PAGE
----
An important question, therefore, is whether these changes have made the pendulum swing in another direction. Has CBI decreased since the financial crisis? To examine CBI, one needs an indicator of the extent to which the monetary authorities are independent from politicians. Most empirical studies use either an indicator based on central bank laws in place, or the so-called turnover rate (TOR) of central bank governors. The most widely employed legal indicators of central bank independence are (updates of) the indexes of Cukierman et al. (1992) and Grilli et al. (1991). Even though these and other indicators are supposed to measure the same phenomenon and are all based on interpretations of the central bank laws in place, their correlation is sometimes remarkably low (Eijffinger and De Haan, 1996). Furthermore, legal measures of CBI may not reflect the true relationship between the central bank and the government. Especially in countries where the rule of law is less strongly embedded in the political culture, there can be wide gaps between the formal, legal institutional arrangements and their practical impact. This is particularly likely in many developing economies. Cukierman et al. (1992) argue that the TOR may therefore be a better proxy for CBI in these countries than measures based on central bank laws. The TOR is based on the presumption that, at least above some threshold, a higher turnover of central bank governors indicates a lower level of independence. There are, however, some theoretical objections against using governor turnover as a proxy for CBI. The most important objection is that a high tenure of the central bank governor could also reflect that the governor behaves in accordance with the wishes of the government.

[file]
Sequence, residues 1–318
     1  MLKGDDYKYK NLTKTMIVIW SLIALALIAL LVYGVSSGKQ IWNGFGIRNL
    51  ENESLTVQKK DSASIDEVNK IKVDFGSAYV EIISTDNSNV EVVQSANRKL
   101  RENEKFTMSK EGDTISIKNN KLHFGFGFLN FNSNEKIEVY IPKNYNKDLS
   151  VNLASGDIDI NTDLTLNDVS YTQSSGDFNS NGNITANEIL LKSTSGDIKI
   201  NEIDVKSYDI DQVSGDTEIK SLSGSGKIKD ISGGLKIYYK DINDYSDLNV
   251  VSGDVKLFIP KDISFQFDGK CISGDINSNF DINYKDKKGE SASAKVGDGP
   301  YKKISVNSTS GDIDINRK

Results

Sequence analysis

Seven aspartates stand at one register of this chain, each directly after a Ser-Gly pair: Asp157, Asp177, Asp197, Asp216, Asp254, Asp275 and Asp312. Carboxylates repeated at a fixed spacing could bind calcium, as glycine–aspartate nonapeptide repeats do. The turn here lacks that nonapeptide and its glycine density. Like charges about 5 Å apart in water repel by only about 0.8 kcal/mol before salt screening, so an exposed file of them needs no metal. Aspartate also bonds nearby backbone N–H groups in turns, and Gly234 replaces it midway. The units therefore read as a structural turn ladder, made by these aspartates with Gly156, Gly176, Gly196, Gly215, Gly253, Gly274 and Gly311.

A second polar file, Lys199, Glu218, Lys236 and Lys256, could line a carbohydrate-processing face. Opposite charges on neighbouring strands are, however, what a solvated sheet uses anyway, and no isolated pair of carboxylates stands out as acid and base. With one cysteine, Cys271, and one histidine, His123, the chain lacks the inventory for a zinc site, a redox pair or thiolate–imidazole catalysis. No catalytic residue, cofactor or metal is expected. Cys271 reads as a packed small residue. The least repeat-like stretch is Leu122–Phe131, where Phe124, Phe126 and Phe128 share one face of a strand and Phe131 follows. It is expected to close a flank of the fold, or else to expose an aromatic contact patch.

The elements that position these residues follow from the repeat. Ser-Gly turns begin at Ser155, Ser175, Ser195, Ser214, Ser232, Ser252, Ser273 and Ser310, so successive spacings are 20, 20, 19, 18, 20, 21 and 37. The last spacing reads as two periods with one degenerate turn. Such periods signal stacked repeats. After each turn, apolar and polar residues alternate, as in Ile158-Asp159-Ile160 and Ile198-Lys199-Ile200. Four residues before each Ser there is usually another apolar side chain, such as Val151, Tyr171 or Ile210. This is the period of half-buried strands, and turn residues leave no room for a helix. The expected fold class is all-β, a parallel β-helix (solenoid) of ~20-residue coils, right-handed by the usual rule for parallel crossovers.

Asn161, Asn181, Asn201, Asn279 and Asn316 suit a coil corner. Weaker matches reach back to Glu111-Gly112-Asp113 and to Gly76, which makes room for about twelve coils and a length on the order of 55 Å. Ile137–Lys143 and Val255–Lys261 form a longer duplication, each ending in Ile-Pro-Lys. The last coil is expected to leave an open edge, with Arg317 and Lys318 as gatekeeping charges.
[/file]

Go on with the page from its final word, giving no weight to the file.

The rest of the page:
Bodea and Hicks (2015) have expanded Cukierman et al.’s (1992) index of central bank independence for 78 countries from the end of the Bretton Woods system until 2010. The result is an original dataset that codes independence annually and covers legislation changes in the last twenty-five years. Table 2 shows the average level of legal CBI before and after the start of the financial crisis for several groups of countries (based on IMF classifications). The table does not suggest that CBI has decreased after 2007.
Table 2. Legal central bank independence before and after the Global Crisis
Source: own calculations using the data of Bodea and Hicks (2015), which are available at: http://www.princeton.edu/~rhicks/data.html. The classification of countries follows that in the IMF’s World Economic Outlook.